Why: Signed and redshirted in 2014. Scout team work in 2015 and 2016. Earned his first varsity letter by playing in 14 of 15 games in 2017. Has played in all three games of 2018.
- Senior ILB Juwan Taylor (UGA varsity letters: 2)
Why: Signed in 2015. Collected 11 combined tackles in 2015 and 2016. Did not start, but earned his first letter in 2016. Did not start a game in 2017, but finished with 13 tackles. Taylor has now started the first three games of 2018 at “Will” linebacker. It is a very impressive career climb.
The careers of those four persevering Bulldogs matter in this discussion. That’s because I’m sure somebody at one point wondered if they were ever going to see meaningful playing time at UGA.
When is it time to wonder if a guy will play for UGA?
There is no hard and fast template. It will also only become harder and harder for recruits to earn immediate playing time on a perennial top 5 team that now stockpiles elite young talent at every position.
That said, a team-first culture and “iron sharpens iron” mantra is prevalent at UGA. Those young guys can be the stars of the scout team. Remember the praise for preferred walk-on QB Stetson Bennett IV?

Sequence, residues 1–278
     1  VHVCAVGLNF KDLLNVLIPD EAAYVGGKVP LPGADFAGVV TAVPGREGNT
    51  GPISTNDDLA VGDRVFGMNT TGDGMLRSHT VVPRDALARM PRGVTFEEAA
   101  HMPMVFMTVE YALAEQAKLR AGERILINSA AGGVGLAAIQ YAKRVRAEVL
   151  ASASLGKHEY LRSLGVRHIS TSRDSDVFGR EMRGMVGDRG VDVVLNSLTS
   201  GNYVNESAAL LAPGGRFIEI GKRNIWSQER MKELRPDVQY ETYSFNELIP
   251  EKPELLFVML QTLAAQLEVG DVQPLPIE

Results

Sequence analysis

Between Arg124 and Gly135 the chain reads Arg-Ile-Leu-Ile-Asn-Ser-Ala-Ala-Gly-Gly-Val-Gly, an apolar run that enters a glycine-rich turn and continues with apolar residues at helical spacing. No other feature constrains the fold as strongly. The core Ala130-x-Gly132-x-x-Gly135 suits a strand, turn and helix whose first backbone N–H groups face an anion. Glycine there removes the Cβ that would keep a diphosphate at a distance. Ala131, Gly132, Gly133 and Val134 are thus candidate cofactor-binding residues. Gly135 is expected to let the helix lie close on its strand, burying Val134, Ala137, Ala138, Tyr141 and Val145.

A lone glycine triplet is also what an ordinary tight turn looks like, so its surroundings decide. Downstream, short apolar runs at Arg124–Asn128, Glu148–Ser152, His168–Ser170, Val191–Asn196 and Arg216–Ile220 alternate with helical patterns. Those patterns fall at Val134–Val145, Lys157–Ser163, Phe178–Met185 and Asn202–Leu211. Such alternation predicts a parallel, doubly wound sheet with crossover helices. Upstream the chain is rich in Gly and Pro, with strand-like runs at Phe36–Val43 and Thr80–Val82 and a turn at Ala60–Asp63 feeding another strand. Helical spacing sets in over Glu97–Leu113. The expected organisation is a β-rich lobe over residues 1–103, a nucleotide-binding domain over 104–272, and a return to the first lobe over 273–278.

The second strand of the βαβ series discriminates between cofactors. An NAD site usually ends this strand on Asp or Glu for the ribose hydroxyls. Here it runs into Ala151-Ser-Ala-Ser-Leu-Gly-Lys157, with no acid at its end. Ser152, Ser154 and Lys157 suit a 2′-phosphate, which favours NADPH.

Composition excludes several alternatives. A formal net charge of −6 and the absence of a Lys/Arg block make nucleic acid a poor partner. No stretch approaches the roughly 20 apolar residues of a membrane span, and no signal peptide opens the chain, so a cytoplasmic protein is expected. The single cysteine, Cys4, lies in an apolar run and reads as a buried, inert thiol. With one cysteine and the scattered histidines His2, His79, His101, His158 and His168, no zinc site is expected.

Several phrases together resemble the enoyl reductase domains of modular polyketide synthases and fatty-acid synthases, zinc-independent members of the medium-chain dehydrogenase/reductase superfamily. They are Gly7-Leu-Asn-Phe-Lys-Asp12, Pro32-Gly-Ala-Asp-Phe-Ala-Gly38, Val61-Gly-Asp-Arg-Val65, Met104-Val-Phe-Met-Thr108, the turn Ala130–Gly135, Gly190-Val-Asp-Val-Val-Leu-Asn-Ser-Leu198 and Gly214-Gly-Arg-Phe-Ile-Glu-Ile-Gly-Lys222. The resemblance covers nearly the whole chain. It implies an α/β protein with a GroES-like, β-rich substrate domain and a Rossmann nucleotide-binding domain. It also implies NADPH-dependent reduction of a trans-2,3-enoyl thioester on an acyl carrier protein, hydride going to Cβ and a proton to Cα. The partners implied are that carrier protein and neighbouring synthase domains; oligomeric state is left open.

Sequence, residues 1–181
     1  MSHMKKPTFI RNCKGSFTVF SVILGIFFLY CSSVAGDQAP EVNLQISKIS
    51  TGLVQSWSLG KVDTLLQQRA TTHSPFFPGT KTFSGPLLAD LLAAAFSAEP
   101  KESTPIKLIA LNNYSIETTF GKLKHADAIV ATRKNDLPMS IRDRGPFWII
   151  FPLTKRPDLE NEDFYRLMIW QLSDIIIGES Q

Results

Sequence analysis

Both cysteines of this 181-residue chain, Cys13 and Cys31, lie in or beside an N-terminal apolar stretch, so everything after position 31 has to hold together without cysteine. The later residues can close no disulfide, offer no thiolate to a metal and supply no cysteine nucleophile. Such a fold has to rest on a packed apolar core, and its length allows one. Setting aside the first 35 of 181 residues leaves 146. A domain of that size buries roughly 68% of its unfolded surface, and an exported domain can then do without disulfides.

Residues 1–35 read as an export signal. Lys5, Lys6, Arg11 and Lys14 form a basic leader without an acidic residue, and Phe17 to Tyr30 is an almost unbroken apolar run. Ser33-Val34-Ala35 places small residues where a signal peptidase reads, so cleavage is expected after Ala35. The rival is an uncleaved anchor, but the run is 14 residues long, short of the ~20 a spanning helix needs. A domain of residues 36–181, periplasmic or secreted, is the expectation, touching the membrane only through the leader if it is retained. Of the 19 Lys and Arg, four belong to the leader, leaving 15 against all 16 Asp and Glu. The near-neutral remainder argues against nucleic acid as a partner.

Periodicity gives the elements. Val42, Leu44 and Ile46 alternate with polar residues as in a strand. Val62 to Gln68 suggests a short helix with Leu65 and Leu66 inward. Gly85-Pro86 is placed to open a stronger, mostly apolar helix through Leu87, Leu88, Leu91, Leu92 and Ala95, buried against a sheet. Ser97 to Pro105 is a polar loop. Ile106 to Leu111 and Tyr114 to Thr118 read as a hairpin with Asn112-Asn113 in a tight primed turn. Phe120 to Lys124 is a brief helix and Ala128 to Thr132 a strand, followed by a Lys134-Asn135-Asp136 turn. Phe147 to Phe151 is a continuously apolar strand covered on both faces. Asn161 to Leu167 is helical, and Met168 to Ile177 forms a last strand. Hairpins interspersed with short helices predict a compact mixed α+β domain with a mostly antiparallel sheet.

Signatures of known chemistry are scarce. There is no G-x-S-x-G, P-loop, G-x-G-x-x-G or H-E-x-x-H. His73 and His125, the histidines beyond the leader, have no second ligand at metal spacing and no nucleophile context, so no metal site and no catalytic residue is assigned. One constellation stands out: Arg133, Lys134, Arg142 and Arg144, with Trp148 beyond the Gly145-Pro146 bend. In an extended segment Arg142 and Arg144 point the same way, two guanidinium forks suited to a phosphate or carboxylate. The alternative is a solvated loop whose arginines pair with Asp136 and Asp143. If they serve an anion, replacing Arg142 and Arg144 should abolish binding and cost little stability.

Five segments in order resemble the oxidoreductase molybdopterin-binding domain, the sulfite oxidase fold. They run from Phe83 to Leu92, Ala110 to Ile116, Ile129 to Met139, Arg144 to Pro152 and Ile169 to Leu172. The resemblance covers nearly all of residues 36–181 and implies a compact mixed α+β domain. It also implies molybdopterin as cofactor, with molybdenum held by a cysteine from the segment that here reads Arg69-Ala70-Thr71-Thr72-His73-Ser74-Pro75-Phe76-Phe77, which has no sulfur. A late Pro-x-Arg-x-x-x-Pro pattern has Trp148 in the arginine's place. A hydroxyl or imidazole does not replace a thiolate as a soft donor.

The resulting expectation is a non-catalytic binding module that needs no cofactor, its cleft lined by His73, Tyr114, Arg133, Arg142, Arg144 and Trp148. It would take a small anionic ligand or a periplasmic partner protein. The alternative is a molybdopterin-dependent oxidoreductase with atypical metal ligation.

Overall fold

Some guys simply can’t stay healthy enough to compete in practice to earn playing time. The term “miss” is more often applied for those guys. Remember 5-star RB Keith Marshall? He had all the talent in the world but has also had some of the worst luck with injuries.
I do see a fair window to wonder if a player will ever play for Georgia. The opinion here is that two seasons are enough to judge whether or not a player has the potential to fill even a “late bloomer” role.
I largely look to where these guys are after their second spring practice. That is enough time for a player to flash. Especially if that player has not suffered a season-ending injury.
At UGA, a player now needs to make a move by his second spring practice. That’s when only the early enrollees from the new class are around plus the three classes from the previous team.
If not, the June arrivals from the signing classes that Kirby Smart and his staff are becoming known for will cut into their reps to finally make an impression. In most cases, the ties for playing time roles often go to the younger player.
The second full year at any level (HS, college, NFL) is when the best players start to reel in their potential and show their coaches what they can be. There are exceptions, but that is the norm.
If a player signs with UGA and does not contribute on the field for at least 1-2 seasons, that’s when the term “bust” or “miss” could be properly applied.
If a player provides depth for several seasons and then breaks through to start his final year, then I don’t see how a “bust” or a “miss” label would really apply.
A 5-star that never plays at any program will be seen as a “bust” by the recruiting industry. But the 3 and 4-star signees who never contribute are in most cases seen as a recruiting “miss” by the program.